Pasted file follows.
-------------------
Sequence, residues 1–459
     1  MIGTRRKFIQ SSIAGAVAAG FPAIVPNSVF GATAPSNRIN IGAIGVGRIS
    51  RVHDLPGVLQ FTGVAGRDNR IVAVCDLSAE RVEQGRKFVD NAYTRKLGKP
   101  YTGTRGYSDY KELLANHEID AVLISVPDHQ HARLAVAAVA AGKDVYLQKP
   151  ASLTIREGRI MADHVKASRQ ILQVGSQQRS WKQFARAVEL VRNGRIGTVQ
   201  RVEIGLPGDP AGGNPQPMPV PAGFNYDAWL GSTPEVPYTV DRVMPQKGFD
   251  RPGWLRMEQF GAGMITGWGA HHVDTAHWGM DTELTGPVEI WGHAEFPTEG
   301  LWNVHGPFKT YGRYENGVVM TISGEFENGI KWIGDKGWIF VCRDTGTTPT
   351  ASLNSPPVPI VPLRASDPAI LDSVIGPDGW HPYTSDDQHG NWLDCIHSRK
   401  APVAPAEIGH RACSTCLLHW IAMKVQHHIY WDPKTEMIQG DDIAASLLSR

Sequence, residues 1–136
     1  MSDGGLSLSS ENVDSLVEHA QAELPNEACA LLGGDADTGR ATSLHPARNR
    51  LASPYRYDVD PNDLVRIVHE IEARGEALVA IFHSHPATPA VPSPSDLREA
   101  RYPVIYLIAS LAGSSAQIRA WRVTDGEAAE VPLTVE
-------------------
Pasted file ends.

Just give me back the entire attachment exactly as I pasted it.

Sequence, residues 1–459
     1  MIGTRRKFIQ SSIAGAVAAG FPAIVPNSVF GATAPSNRIN IGAIGVGRIS
    51  RVHDLPGVLQ FTGVAGRDNR IVAVCDLSAE RVEQGRKFVD NAYTRKLGKP
   101  YTGTRGYSDY KELLANHEID AVLISVPDHQ HARLAVAAVA AGKDVYLQKP
   151  ASLTIREGRI MADHVKASRQ ILQVGSQQRS WKQFARAVEL VRNGRIGTVQ
   201  RVEIGLPGDP AGGNPQPMPV PAGFNYDAWL GSTPEVPYTV DRVMPQKGFD
   251  RPGWLRMEQF GAGMITGWGA HHVDTAHWGM DTELTGPVEI WGHAEFPTEG
   301  LWNVHGPFKT YGRYENGVVM TISGEFENGI KWIGDKGWIF VCRDTGTTPT
   351  ASLNSPPVPI VPLRASDPAI LDSVIGPDGW HPYTSDDQHG NWLDCIHSRK
   401  APVAPAEIGH RACSTCLLHW IAMKVQHHIY WDPKTEMIQG DDIAASLLSR

Sequence, residues 1–136
     1  MSDGGLSLSS ENVDSLVEHA QAELPNEACA LLGGDADTGR ATSLHPARNR
    51  LASPYRYDVD PNDLVRIVHE IEARGEALVA IFHSHPATPA VPSPSDLREA
   101  RYPVIYLIAS LAGSSAQIRA WRVTDGEAAE VPLTVE